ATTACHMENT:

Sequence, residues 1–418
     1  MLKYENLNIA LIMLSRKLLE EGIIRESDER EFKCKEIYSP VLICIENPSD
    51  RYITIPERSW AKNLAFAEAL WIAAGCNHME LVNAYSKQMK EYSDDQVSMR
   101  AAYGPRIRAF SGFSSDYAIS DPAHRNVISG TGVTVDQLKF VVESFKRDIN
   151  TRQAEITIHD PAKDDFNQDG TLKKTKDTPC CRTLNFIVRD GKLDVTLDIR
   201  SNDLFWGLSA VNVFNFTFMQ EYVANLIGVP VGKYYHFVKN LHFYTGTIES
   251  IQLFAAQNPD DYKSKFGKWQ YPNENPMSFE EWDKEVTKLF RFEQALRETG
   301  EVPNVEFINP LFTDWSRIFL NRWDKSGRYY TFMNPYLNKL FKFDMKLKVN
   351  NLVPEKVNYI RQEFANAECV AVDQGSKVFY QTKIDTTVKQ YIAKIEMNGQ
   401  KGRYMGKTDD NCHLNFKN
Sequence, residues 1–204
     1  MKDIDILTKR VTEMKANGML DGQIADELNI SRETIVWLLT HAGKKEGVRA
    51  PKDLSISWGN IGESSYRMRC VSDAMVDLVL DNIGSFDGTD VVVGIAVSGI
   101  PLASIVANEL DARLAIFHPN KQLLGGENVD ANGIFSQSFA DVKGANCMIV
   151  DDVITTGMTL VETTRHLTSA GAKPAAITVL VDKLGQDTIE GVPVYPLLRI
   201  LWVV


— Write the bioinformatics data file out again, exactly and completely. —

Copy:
Sequence, residues 1–418
     1  MLKYENLNIA LIMLSRKLLE EGIIRESDER EFKCKEIYSP VLICIENPSD
    51  RYITIPERSW AKNLAFAEAL WIAAGCNHME LVNAYSKQMK EYSDDQVSMR
   101  AAYGPRIRAF SGFSSDYAIS DPAHRNVISG TGVTVDQLKF VVESFKRDIN
   151  TRQAEITIHD PAKDDFNQDG TLKKTKDTPC CRTLNFIVRD GKLDVTLDIR
   201  SNDLFWGLSA VNVFNFTFMQ EYVANLIGVP VGKYYHFVKN LHFYTGTIES
   251  IQLFAAQNPD DYKSKFGKWQ YPNENPMSFE EWDKEVTKLF RFEQALRETG
   301  EVPNVEFINP LFTDWSRIFL NRWDKSGRYY TFMNPYLNKL FKFDMKLKVN
   351  NLVPEKVNYI RQEFANAECV AVDQGSKVFY QTKIDTTVKQ YIAKIEMNGQ
   401  KGRYMGKTDD NCHLNFKN
Sequence, residues 1–204
     1  MKDIDILTKR VTEMKANGML DGQIADELNI SRETIVWLLT HAGKKEGVRA
    51  PKDLSISWGN IGESSYRMRC VSDAMVDLVL DNIGSFDGTD VVVGIAVSGI
   101  PLASIVANEL DARLAIFHPN KQLLGGENVD ANGIFSQSFA DVKGANCMIV
   151  DDVITTGMTL VETTRHLTSA GAKPAAITVL VDKLGQDTIE GVPVYPLLRI
   201  LWVV